Image: Unsplash/Patrick Federi
New York: Wednesday’s announcement that China and the United States have agreed to collaborate more closely on climate action was hailed by UN Secretary-General António Guterres as an important step in the right direction.
News of the joint declaration between the two countries, both major emitters of greenhouse gases, came late in the evening in Glasgow, where the 2021 UN climate conference, COP26, has been under way since last week.
The statement refers to the recently released report from the Intergovernmental Panel on Climate Change (IPCC), which described the urgent need to tackle the climate emergency in alarming detail, and states that both countries recognize the seriousness of the crisis, whilst accepting the significant gaps that remain, between efforts currently being made to tackle it, and the steps that are needed to achieve the goals of the Paris Climate Agreement, reached at COP21 in 2015.
In Paris, leaders pledged to try to keep the world from warming by more than between 1.5C to 2C through sweeping emissions cuts.
According to press reports, elements of collaboration outlined in the document include regulatory frameworks and environmental standards related to reducing emissions of greenhouse gases in the 2020s policies to encourage decarbonization and electrification of end-use sectors and increased action to control and reduce methane emissions.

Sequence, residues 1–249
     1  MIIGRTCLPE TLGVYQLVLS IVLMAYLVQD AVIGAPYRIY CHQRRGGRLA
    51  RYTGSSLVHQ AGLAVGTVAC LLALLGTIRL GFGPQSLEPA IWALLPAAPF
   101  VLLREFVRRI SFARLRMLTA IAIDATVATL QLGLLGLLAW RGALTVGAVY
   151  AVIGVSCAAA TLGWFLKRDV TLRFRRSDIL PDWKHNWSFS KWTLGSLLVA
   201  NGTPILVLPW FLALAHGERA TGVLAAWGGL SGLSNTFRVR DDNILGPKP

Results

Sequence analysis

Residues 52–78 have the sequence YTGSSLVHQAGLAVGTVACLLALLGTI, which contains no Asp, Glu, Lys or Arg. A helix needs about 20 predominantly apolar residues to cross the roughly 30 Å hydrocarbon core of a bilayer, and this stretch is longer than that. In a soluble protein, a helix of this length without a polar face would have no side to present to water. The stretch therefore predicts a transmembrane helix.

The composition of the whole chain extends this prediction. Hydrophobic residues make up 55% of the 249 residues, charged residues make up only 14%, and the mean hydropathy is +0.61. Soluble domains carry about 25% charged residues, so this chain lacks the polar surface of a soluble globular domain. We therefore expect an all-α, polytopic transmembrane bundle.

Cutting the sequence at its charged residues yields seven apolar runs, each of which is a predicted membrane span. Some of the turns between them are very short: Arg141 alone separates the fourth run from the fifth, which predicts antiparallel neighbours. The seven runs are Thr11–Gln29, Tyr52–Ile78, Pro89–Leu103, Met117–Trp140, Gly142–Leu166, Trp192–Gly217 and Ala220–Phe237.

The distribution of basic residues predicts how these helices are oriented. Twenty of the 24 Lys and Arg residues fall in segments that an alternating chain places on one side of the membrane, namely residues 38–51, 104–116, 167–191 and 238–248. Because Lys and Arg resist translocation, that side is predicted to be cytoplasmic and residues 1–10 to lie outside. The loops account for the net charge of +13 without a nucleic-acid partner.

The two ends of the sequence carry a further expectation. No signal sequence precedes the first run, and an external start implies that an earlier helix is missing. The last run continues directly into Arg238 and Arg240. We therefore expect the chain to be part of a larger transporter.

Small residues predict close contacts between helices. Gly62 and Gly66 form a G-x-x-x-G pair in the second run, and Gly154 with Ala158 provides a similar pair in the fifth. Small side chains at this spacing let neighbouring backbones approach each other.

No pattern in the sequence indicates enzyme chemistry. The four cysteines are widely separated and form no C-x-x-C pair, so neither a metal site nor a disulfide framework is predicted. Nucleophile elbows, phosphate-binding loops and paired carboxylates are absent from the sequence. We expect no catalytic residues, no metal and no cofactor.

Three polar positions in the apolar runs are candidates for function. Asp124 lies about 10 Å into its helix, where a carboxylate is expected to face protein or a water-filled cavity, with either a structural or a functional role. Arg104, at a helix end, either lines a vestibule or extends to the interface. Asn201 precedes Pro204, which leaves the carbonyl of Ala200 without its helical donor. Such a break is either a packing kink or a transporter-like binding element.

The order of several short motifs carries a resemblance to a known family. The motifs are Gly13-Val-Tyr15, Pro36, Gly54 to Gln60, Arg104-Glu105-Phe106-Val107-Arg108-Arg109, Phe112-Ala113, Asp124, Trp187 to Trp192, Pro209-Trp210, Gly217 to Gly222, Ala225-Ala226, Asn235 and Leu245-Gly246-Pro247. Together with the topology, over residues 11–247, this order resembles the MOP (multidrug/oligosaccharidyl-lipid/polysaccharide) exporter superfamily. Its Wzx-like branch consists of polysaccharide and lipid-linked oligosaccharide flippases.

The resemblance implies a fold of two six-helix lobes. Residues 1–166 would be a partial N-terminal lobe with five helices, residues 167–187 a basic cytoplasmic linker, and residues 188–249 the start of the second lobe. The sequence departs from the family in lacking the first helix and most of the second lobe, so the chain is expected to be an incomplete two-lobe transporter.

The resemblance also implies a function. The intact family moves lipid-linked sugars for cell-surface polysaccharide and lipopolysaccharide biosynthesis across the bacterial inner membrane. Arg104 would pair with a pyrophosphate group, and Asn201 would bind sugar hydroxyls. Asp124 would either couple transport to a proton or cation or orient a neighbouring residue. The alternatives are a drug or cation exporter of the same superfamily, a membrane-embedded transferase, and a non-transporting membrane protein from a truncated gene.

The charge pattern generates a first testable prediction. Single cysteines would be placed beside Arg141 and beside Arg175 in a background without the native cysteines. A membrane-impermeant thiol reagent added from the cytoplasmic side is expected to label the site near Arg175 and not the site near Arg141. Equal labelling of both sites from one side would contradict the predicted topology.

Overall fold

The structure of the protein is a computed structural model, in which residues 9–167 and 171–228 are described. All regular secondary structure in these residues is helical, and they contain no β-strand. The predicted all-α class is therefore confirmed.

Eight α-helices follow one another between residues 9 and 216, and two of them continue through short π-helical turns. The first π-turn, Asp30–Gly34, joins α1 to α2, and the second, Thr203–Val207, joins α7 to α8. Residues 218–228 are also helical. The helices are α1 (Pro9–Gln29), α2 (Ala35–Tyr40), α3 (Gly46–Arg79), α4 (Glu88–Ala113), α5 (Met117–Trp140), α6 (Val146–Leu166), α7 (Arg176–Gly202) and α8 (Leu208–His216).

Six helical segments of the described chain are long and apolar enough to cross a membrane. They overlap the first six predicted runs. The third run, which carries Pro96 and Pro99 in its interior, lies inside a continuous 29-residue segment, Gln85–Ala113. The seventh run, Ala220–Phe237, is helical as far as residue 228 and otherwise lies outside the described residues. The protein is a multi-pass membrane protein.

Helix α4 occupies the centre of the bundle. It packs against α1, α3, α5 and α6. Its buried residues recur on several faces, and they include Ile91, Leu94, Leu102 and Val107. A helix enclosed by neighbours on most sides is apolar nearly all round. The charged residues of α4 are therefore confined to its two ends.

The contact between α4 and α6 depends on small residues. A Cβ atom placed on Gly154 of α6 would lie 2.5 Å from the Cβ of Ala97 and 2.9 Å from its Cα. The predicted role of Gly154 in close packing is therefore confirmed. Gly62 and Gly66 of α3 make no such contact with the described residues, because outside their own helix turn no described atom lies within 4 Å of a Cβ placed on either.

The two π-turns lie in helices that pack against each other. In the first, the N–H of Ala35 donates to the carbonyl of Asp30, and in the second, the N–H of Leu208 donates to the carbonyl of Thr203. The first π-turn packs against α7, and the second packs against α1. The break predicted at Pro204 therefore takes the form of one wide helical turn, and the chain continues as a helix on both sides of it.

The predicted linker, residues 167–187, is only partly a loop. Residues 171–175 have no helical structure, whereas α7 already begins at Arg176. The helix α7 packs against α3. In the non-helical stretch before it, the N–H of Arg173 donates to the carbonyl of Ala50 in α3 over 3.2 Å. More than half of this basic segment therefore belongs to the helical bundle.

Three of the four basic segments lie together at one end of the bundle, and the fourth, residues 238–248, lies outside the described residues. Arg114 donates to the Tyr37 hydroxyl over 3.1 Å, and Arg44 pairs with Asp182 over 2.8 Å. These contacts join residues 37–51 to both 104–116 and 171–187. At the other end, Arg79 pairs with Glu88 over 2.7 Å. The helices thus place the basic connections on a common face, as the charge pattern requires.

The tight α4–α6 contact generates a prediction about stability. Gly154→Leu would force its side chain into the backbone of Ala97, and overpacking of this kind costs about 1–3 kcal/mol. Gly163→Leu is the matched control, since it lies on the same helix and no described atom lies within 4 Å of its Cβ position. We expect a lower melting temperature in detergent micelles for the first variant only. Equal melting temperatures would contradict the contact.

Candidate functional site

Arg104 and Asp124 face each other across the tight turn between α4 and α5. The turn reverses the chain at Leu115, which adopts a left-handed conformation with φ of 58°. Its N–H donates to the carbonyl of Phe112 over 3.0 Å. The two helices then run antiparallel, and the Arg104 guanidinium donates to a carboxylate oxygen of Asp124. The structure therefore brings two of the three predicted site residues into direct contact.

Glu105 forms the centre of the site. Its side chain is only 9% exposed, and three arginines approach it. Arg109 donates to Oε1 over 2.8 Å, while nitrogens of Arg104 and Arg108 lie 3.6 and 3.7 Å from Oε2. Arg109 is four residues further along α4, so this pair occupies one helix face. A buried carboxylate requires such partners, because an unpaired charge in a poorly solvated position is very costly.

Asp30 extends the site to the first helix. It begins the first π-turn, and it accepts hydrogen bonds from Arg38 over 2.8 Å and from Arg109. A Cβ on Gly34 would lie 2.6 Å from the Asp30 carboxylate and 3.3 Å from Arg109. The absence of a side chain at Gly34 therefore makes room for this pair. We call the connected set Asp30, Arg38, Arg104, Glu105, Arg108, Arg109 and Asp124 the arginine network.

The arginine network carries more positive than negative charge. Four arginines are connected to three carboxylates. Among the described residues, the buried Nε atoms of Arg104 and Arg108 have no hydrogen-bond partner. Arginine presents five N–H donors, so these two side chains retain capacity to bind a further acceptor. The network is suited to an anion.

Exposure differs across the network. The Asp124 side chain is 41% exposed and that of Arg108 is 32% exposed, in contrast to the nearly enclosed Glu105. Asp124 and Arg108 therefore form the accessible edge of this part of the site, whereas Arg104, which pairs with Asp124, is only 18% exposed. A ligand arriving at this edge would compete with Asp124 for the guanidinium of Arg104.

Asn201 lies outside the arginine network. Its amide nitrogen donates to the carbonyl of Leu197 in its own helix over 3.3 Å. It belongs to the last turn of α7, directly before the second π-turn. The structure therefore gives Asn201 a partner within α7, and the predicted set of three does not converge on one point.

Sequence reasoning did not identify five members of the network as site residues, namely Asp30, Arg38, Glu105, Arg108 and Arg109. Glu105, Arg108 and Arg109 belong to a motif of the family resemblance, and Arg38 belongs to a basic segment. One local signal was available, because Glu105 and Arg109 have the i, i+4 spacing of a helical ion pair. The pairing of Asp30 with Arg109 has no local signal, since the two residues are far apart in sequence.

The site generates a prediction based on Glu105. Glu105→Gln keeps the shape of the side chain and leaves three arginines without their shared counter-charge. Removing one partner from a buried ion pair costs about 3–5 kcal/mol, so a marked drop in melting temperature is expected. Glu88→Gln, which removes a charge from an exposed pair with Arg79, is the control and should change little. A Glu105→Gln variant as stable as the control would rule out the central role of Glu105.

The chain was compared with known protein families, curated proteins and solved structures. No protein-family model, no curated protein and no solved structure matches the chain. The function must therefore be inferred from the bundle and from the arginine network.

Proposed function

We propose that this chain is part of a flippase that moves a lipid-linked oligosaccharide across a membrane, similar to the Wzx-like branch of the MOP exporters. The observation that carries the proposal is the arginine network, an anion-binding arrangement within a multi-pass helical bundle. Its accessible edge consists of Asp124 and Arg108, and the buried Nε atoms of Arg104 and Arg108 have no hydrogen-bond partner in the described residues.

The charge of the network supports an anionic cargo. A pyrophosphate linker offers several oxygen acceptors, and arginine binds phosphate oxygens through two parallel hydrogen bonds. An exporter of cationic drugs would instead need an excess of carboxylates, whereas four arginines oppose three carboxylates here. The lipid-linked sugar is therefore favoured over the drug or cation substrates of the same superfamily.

In his tweet, António Guterres welcomed the agreement by China and the US to work together to take more ambitious climate action in this decade, and noted that the crisis requires international collaboration and solidarity.
Following the surprise announcement, the top climate envoys of both countries held back-to-back news conferences at COP26.
“There is more agreement between the US and China than divergence, making it an area ofhuge potential for cooperation,” China’s climate envoy Xie Zhenhua said, adding that: “By working together our two countries can achieve many important things that are beneficial not only to our two countries but the world as a whole.”
Up next, US Special Climate Envoy John Kerry said he was “pleased” about the agreement between the two countries and added: “Every step matters right now, and we have a long journey ahead of us.”
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